Follow These Holiday Tips for Dogs for a Safe Holiday
15 Holiday Tips for Dogs to Keep Them Safe and Happy
A couple of excited dogs can bowl over two year olds, Christmas trees and Great-Aunt Erma in about two seconds flat, leaving tears, bruises, and scattered ornaments. Hopefully, they missed the goodies on the coffee table and the gifts are still intact.
The holidays are a hectic time and our schedules are crowded and unpredictable.
We’re away from home more often attending holiday parties and shopping and after weeks of limited attention our pets may suddenly have a houseful of guests. All this upheaval mixed with the decorations, gifts and rich food hanging around can be a source of stress and maybe sickness for our furry friends.
Keep these 15 Safety Tips in mind to keep your pets safe and away from the emergency vet.
1. Be especially diligent about keeping foods/goodies out of reach of pets
It’s easy to forget and leave something to close to the edge of a counter or a guest may leave a plate on a chair without thinking.
Not only might your dog gorge himself on rich holiday foods left within reach but holiday packages of cookies or chocolate left under a tree can be sniffed out and eaten before you realize it. Even a small amount of chocolate can sicken your pet causing vomiting and diarrhea. Large amounts can be potentially deadly.
2. Don’t feed your pet rich gravies, or fat trimmings
If you’d like to give your pet a little something special, lean meat and veggies are ok. Or put a little chicken stock over his regular kibble. Or get one of the canned desserts made by the pet food company Nutro. Flavors like Pumpkin Crumble and Apple Tart will help your pet feel pampered.
3. Make sure tree decorations are out of reach of your pet if she’s likely to chew them
Some decorations that can be toxic. Tinsel, garland and artificial snow can all look like tasty chew toys to our friends. Make sure they’re out of the way if you have a chewer. They are not digestible and can cause internal blockages, they can also be made of toxic materials.
4. Use non-toxic tree water preservatives
Be aware that a lot of tree water preservatives can seem enticing your pet, these fertilizers can cause illnesses. Look for tree water preservatives that have a non-toxic label.
5. Make sure Christmas trees are securely fastened in their holders to prevent tipping
Or, keep rambunctious or overly curious dogs out of the room with the tree. Use a baby gate or other barrier.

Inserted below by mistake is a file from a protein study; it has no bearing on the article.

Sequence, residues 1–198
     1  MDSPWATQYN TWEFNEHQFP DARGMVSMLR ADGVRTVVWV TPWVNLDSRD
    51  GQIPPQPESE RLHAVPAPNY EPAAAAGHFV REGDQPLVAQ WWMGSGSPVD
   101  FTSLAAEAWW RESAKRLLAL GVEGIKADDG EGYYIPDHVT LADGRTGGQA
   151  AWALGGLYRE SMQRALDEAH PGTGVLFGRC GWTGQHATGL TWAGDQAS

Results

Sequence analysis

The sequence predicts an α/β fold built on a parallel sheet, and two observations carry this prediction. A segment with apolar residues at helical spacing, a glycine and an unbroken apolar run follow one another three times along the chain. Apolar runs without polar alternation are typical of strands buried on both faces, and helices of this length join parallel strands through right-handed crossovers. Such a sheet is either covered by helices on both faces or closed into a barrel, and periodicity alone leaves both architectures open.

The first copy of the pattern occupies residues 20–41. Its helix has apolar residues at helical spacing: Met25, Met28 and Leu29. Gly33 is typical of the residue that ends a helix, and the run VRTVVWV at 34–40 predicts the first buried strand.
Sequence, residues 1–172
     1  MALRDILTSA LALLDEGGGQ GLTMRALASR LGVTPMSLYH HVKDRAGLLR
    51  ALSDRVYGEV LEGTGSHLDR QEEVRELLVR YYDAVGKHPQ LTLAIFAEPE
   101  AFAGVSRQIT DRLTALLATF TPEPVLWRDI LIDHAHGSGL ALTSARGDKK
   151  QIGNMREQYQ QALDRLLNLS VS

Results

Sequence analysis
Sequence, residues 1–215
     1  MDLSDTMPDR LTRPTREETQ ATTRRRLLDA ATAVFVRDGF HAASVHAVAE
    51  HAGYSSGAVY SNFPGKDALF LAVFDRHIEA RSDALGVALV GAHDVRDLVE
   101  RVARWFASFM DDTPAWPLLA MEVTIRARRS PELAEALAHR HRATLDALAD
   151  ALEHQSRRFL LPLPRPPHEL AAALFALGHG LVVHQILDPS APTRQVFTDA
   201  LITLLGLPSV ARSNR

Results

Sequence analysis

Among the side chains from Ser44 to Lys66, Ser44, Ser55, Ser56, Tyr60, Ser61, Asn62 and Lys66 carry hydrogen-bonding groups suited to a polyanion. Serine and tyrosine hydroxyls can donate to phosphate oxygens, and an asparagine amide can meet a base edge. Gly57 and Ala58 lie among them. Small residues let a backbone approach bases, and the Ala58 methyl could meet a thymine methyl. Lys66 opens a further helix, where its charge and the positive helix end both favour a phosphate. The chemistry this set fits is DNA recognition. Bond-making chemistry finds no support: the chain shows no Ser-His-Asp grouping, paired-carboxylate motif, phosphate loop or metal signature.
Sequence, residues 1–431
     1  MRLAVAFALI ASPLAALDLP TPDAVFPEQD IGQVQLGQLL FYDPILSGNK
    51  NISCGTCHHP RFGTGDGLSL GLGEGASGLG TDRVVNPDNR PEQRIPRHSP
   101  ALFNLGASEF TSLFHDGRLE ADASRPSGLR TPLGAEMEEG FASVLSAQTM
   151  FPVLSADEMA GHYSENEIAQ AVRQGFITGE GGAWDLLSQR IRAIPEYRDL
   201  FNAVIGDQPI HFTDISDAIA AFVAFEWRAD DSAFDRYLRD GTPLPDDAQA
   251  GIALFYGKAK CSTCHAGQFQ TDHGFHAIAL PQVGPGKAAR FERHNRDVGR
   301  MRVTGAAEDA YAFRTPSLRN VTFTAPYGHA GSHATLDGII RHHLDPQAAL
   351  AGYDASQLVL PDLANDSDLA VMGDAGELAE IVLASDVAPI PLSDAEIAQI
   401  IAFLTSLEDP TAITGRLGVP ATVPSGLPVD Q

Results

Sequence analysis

6. Curb Cord Curiosity
Make sure cords are out of reach. If you have chewers, cover electric cords with a chew-proof guard. Dogs can receive a nasty shock or be electrocuted by chewing on cords.
7. Make sure gift wrap, ribbon, toys and plants are out of tempting chew reach of your pet
Watch your pet, if he/she appears to be chewing on the needles of your tree don’t let him alone with it. Needles, real or fake can cause blockages potentially causing a need for surgery.
Many of the plants associated with the holidays can cause stomach upset if eaten or even be deadly, Christmas cactus, hemlock, holly, ivy, mistletoe, and poinsettia.
Chewing on them can cause nausea, vomiting, diarrhea, drooling, coma, central nervous system or cardiac problems, even death. Tip: Spray leaves with a Bitter repellant. Pick up dead leaves, stems, or berries immediately. This is one holiday tip for dogs (and cats) that can often be overlooked.
9. Wrapping Supplies
Ribbon, tape, wrapping paper, foam packing supplies can all be dangerous if eaten as they aren’t digestible.
10. Fireworks held on New Year’s Eve
Most dogs are frightened by the loud booms and blasts associated with fireworks. Keep your pet secured in the house during fireworks activities. If they are especially anxious, try a calming flower essence such as Pet Calm or Rescue Remedy available at specialty pet stores or online at Only Natural Pet.
11. Don’t let anyone give your pet alcoholic drinks
Or leave them on the floor where a curious dog might take a drink. Dogs do not have the system to cope with alcohol and even a little can make a dog develop respiratory failure.
12. Candle safety
Dogs can be burnt or singed by dripping wax and excited dogs can knock over candles creating a real fire hazard.
13. Fasteners for decorations
Metal hooks, staples, string, tacks, tape, even ribbon can cause mild pain or serious complications if swallowed.
14. Potpourri, incense, simmer pots
Nasal or respiratory irritation, skin rash, stomach upset, burns. Keep high away from dogs potpourri especially often contains cones, needles and berries that can be toxic.
15. The excitement of travel and/or lots of visitors can stress out your pet and cause stomach upsets.
Try to maintain your dog’s regular feeding and exercise routine to minimize stress.
While these holiday tips for dogs (and cats) are not complete, a few precautions should ensure you and your pets a safe holiday season.
Follow these holiday tips for dogs and make positive memories, not ones of being at the emergency vet.
If, your dog should get hold of something he shouldn’t have and shows signs of illness, call your emergency vet or the National Animal Control Poison Center
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